Water Ghosts, Buffalo, and other Rough Fish

Bowfishing for tilapia on lakes and rivers around Texas is a challenging and fun sport equivalent to coming face to face with a Rio Grande turkey or whitetail deer in to woods. Tilapia are sensitive to movement and can disappear like a ghost in the water but they are also curious. This combination of characteristics makes bowfishing for tilapia among one of my favorite outdoor pursuits.

Tilapia are usually found in the southern United States as well as Central and South America where the climate is warm. Since they tend to thrive in warmer bodies of water, power plant cooling lakes are among the best places to find tilapia.

The author and a large tilapia from Lake Dunlap.

Although buffalo and many species of gar are native to Texas waters, they are considered “rough fish” as they are non-game species and not considered popular for eating. Buffalo and carp often forage for the same food sources so they can be found in good numbers together. Gar prefer live fish so they can be found near the surface, especially at night, looking for shad, bluegill or other small fish to feed on. Being a very long but not very wide fish, gar can be a challenge to shoot but that is what we are after here, right?

A fish often looked over in bowfishing is the Gaspergou, also known as the freshwater drum. These fish can be found in many of the same place buffalo and carp roam and are a good table fare consideration as well.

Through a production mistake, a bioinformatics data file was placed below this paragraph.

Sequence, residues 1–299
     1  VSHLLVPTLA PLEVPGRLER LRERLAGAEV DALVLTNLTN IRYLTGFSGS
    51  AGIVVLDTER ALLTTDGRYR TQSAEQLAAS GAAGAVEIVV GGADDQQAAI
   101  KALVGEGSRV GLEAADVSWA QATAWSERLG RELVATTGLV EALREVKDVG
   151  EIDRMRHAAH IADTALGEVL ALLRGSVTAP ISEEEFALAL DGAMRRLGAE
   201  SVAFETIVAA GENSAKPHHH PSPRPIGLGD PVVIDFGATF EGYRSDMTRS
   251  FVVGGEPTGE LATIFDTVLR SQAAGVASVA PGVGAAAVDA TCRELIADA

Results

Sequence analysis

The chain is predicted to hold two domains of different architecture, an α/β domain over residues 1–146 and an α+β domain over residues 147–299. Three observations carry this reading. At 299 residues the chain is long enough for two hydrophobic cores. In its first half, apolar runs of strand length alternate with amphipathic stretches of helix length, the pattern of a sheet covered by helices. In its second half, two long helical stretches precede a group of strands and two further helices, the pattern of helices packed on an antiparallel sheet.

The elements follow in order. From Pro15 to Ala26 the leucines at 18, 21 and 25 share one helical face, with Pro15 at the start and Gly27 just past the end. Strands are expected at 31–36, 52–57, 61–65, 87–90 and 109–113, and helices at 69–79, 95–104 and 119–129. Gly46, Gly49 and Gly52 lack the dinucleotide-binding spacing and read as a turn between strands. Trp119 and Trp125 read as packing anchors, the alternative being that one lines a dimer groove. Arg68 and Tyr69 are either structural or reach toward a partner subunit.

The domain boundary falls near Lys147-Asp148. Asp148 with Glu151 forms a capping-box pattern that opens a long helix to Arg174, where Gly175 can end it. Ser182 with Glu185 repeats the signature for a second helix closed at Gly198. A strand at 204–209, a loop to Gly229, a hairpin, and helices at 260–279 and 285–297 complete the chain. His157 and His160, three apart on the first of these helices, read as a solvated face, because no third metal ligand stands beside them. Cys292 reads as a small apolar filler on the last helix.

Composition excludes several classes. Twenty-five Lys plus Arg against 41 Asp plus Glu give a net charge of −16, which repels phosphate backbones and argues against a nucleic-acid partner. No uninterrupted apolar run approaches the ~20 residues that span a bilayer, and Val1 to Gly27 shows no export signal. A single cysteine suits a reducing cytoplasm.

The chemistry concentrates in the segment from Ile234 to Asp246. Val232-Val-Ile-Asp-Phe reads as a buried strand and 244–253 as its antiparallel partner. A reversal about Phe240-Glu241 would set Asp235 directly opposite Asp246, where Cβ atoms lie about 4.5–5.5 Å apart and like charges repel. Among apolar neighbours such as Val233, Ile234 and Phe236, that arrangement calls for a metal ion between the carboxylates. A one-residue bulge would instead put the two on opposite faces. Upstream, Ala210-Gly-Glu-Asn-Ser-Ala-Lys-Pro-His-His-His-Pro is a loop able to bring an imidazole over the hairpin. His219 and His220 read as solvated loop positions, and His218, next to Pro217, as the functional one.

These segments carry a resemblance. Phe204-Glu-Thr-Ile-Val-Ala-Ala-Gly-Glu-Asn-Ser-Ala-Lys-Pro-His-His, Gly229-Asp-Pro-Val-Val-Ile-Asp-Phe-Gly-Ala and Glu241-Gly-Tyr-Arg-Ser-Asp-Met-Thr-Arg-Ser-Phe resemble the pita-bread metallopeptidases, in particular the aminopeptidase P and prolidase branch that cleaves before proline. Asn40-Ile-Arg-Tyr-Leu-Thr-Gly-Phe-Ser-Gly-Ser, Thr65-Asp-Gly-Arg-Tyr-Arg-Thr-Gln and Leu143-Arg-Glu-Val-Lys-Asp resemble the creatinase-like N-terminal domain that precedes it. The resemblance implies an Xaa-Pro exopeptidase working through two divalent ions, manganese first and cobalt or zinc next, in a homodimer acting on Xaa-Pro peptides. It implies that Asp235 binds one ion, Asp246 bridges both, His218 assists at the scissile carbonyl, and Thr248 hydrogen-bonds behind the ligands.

Bowfishing for tilapia is comparable to turkey hunting in that tilapia can see very well and will bust you if they catch you even slightly moving before you make your shot. They are simply there one minute and gone the next, leaving a cloud of mud behind after they quickly swim away.

Most bowfishers would tell you the daytime is the best time to go hunting after these fish. On clear water rivers and lakes tilapia are relatively easy to see but you can see even better with the aid of a good pair of polarized sunglasses. The only issue with clearer bodies of water is that, though you can see the fish easier, they can see you too!

The author and his friend Marty McIntyre and their tilapia haul from a day bowfishing Lake Fairfield.

You can bowfish for these fish by trolling around the edges of the lake 2-7 feet of water, much like bowfishing for other species of fish. Go slow and keep your eyes open for them. My main strategy for bowfishing is to pull up into a patch of aquatic vegetation and find an area where there is a clearing and relatively calm and clear water. Anchor your boat and wait, with your bow in hand, ready to draw at any second. These fish will typically peek out of the vegetation to look at you, exposing an easy shot. The minute you see one come out of the vegetation or close to the surface for a look, shoot!

However you choose to approach bowfishing for tilapia, you are most certainly going to have fun doing it. I assure you that the adventure is well worth the trip if you have tilapia near where you live or can travel to a place that has them. Remember to aim low, think big, and have fun out there!

Story by Dustin Vaughn Warncke


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